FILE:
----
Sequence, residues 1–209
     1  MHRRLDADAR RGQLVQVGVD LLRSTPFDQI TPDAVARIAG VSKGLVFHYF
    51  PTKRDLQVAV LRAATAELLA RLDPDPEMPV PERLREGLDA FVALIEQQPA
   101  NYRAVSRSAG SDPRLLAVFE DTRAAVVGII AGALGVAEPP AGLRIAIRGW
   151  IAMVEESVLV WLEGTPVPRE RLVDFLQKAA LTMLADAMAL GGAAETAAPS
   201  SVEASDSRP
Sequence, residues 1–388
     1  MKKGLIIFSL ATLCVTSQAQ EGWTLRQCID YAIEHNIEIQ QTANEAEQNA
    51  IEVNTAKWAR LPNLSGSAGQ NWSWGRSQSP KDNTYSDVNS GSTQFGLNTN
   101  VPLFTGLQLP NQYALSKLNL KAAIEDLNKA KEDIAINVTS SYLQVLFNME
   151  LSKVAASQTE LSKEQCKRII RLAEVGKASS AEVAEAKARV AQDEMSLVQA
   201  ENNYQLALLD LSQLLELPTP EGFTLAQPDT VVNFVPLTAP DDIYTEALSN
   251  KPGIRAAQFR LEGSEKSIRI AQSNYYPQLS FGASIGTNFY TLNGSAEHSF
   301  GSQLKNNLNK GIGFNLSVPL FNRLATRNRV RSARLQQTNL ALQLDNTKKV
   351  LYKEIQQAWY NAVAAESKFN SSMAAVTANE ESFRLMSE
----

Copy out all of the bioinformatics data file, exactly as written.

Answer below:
Sequence, residues 1–209
     1  MHRRLDADAR RGQLVQVGVD LLRSTPFDQI TPDAVARIAG VSKGLVFHYF
    51  PTKRDLQVAV LRAATAELLA RLDPDPEMPV PERLREGLDA FVALIEQQPA
   101  NYRAVSRSAG SDPRLLAVFE DTRAAVVGII AGALGVAEPP AGLRIAIRGW
   151  IAMVEESVLV WLEGTPVPRE RLVDFLQKAA LTMLADAMAL GGAAETAAPS
   201  SVEASDSRP
Sequence, residues 1–388
     1  MKKGLIIFSL ATLCVTSQAQ EGWTLRQCID YAIEHNIEIQ QTANEAEQNA
    51  IEVNTAKWAR LPNLSGSAGQ NWSWGRSQSP KDNTYSDVNS GSTQFGLNTN
   101  VPLFTGLQLP NQYALSKLNL KAAIEDLNKA KEDIAINVTS SYLQVLFNME
   151  LSKVAASQTE LSKEQCKRII RLAEVGKASS AEVAEAKARV AQDEMSLVQA
   201  ENNYQLALLD LSQLLELPTP EGFTLAQPDT VVNFVPLTAP DDIYTEALSN
   251  KPGIRAAQFR LEGSEKSIRI AQSNYYPQLS FGASIGTNFY TLNGSAEHSF
   301  GSQLKNNLNK GIGFNLSVPL FNRLATRNRV RSARLQQTNL ALQLDNTKKV
   351  LYKEIQQAWY NAVAAESKFN SSMAAVTANE ESFRLMSE